And now for something a little different.
Just over a year ago, someone gave me an old MacBook Pro which they no longer wanted free of charge (quite literally -- zero cost, no battery and no power cable). When I got it, it was running OS X 10.11 El Capitan, which was useful enough at the time for doing portability testing for some code I was working on. However, El Capitan recently became unsupported, so I decided I'd like to put an operating system without known RCE-over-TCP vulnerabilities on it.
Most of the interesting hardware I've been playing with recently has been 32-bit PowerPC hardware, for which my usual weapon of choice is OpenBSD, but seeing as this is a 64-bit Intel system, my choice of tools here is somewhat broader (though the Nvidia GPU caused me some grief later down the line).
As the title of this post suggests, I eventually got Adelie Linux running on this machine, but I had to try several things before I managed to make that work.
The MacBook's firmware is pretty fickle, but only if you don't understand its quirks.
I could get neither Adelie's 64-bit installer nor 32-bit installer to boot on the MacBook, either from USB or optical disk, so I initially ruled that out. I could get OpenBSD's installer to boot from a CD, but not from USB, as the former boots in PC BIOS mode and the latter boots in UEFI mode, and the OpenBSD UEFI bootloader would hang when loading the kernel. The Arch Linux installer was the other way round: it would boot (implicitly in UEFI mode) from a USB device, but not from a CD (in PC BIOS mode).
The MacBook's hard disk was partitioned with a GPT partition table and set up for UEFI booting, and as I didn't really understand what the firmware was doing at this point, I decided to keep it that way. I started by booting OpenBSD in BIOS mode and installing to the hard disk, however this made a UEFI installation, which failed to boot like the installer did. I briefly considered attempting to try booting the kernel with a magic boot disk like I did for the PowerMac, but I decided to try some other things first.
I then wiped the OpenBSD partition and reinstalled Arch Linux in UEFI mode. This had the advantage of actually booting properly post-installation, though the graphics froze up shortly after boot, and after some quick googling I had to add
nomodeset to the kernel command line to prevent this happening. This was all well and good, but I couldn't get Xorg to work, as the
nouveau driver complained about the lack of modesetting. I switched to using the proprietary Nvidia drivers, but that didn't solve the issue, as they detected the graphics card properly but were unable to actually perform any accesses on it.
Note that at this point, I actually had a readable console, which in hindsight I'm pretty sure is a result of the EFI framebuffer interface the firmware gives to the operating system when booted in UEFI mode. I eventually discovered (somewhere) that the Linux drivers (both open source and proprietary) for GPU's of this vintage require the machine to be booted in BIOS mode. (I don't know why precisely, but I suspect it's due to some strangely low-level hardware access or reliance on some firmware interface which is provided by the PC BIOS and not UEFI.) It also seemed like the EFI framebuffer was responsible for the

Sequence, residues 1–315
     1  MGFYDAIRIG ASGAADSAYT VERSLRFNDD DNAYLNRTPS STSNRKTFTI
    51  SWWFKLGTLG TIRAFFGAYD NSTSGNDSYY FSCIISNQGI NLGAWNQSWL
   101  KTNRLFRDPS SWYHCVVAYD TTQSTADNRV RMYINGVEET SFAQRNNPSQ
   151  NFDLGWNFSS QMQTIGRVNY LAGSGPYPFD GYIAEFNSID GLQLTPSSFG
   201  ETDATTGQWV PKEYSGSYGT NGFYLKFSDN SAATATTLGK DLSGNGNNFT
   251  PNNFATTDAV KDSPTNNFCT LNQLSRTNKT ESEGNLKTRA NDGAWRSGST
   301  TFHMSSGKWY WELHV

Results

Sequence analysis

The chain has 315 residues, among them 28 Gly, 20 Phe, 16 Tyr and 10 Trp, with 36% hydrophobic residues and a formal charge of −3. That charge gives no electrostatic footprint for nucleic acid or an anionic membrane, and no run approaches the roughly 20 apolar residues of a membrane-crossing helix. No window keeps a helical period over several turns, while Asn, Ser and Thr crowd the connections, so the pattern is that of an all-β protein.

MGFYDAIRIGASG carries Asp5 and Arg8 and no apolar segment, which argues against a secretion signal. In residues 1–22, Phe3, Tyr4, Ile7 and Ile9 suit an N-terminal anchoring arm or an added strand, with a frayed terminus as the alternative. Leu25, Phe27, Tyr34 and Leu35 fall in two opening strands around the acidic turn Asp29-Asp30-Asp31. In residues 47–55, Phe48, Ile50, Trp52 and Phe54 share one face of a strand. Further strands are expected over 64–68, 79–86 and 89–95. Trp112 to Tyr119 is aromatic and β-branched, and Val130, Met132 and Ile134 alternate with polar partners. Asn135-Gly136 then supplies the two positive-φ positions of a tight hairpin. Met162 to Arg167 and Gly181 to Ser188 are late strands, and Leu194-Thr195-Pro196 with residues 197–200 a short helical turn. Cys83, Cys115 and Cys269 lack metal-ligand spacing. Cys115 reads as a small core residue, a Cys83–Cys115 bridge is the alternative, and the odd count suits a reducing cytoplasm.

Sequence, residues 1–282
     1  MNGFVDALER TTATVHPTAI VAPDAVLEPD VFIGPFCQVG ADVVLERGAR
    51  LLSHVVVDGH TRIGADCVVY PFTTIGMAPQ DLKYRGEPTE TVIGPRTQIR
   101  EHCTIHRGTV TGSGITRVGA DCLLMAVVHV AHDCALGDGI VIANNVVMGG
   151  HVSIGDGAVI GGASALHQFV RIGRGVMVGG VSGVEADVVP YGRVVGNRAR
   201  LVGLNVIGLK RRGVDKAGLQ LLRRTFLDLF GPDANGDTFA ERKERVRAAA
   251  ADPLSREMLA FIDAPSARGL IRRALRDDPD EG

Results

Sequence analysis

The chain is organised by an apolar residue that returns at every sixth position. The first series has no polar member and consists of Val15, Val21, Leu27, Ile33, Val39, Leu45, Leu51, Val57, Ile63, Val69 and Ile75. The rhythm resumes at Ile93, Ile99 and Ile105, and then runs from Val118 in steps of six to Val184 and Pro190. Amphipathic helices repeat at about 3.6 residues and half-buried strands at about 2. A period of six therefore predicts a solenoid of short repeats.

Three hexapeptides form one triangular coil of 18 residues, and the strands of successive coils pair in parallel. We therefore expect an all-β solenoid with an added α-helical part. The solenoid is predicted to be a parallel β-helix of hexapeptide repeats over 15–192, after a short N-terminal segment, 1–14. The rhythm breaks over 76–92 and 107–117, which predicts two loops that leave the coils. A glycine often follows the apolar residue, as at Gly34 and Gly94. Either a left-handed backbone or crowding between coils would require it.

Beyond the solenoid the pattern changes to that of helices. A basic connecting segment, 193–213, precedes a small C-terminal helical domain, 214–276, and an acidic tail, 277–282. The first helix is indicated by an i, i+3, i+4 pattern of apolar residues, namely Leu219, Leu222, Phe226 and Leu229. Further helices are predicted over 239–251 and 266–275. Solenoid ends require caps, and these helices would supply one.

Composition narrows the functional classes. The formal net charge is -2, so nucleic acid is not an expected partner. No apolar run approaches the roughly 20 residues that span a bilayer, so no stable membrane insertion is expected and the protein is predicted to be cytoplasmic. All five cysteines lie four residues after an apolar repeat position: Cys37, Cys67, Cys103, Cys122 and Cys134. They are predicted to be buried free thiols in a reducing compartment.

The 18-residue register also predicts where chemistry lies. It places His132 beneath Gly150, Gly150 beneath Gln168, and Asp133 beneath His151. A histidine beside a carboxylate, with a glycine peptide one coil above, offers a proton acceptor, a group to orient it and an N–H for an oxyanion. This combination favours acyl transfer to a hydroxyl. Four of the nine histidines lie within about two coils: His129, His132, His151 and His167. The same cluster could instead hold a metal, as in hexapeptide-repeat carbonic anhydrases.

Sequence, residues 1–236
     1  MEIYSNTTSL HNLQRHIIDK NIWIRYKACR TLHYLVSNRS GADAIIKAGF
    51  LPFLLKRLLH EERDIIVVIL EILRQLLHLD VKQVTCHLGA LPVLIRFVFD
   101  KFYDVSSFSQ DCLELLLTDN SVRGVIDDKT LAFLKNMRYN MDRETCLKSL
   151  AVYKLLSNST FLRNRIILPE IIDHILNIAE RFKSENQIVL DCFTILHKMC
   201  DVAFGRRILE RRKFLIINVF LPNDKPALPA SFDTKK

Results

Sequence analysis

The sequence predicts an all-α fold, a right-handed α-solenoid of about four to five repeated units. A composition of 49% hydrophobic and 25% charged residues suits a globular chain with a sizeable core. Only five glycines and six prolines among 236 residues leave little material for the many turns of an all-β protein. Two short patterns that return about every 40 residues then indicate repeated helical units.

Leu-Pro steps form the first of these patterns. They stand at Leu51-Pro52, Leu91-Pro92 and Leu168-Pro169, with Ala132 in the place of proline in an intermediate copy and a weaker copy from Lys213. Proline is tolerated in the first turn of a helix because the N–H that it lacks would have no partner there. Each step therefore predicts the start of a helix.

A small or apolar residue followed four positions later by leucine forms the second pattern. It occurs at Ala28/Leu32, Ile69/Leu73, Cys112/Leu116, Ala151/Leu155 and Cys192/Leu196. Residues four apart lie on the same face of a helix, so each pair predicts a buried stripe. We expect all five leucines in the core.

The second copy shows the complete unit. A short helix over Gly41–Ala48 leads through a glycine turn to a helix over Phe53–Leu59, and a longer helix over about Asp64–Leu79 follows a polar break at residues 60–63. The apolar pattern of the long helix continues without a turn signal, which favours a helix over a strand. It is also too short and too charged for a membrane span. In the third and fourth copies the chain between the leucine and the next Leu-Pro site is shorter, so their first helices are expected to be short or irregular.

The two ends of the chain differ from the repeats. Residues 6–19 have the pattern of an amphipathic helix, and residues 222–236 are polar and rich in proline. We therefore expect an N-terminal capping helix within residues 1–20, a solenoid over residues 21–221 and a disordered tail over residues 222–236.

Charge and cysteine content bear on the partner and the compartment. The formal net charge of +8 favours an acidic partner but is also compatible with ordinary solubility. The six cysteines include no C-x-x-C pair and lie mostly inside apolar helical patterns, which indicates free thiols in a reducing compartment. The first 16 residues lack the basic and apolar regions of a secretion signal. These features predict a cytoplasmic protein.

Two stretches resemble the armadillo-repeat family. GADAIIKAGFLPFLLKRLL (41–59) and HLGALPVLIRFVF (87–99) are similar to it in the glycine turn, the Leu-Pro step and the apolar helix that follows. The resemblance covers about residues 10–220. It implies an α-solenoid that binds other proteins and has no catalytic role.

nouveau driver's troubles.
At this point, I wasn't sure how to get the MacBook to boot in PC BIOS mode, so further googling ensued, until I found this post on the Arch Linux forums, which answered my questions. I then reinstalled Arch in BIOS mode and installed the proprietary driver along with the rest of the system, which resulted in a system which booted and gave me working Xorg. Huzzah!
At this point, I decided I would try to switch the installation to Adelie in-place, however this didn't quite work out. I booted back into the Arch installation image, and loaded the 1.0-BETA-1 rootfs tarball for x86_64 onto another USB device. I mounted the hard disk, and did something rather crude like
mkdir oldinst; mv * oldinst. I then extracted the the Adelie tarball onto the hard disk,
chroot()ed in, and configured the system. It took a few tries to get GRUB configured correctly, but eventually I had a bootable Adelie system. However, I couldn't get my network configuration to work correctly (which was a bug in interactions between
netifrc, the fix for which was independently released shortly after I tried this) and I realised that the proprietary Nvidia driver only works on systems using glibc, as it includes precompiled binary blobs. I therefore decided to revert to the Arch installation and use that.
I came back to the MacBook a few days later and realised that I never tested the
nouveau driver running under BIOS mode. When I realised that this worked just as well as the proprietary driver, I decided to give Adelie another shot. I repeated all of the above steps to get Adelie back onto the MacBook, including putting
nouveau in the list of required modules in
/etc/update-extlinux.conf. By this point, the
wpa_supplicant package had been fixed, so I was able to get the MacBook into a state where it would boot, give me a sensible console resolution, and the network configuration would work properly. However, as of this writing, Adelie is still in beta, so some extra tweaking was necessary before I got the machine into a usable state with a working desktop environment.
I opted to install LXQt, as I couldn't get XFCE working (known Adelie bug in
xfwm4), which required the following packages:
I also had to patch the
startlxqt script to make it work correctly, but there's a known fix which should be issued soon.
Adelie is still an evolving system, so things will changed, tweaked and refined -- watch this space...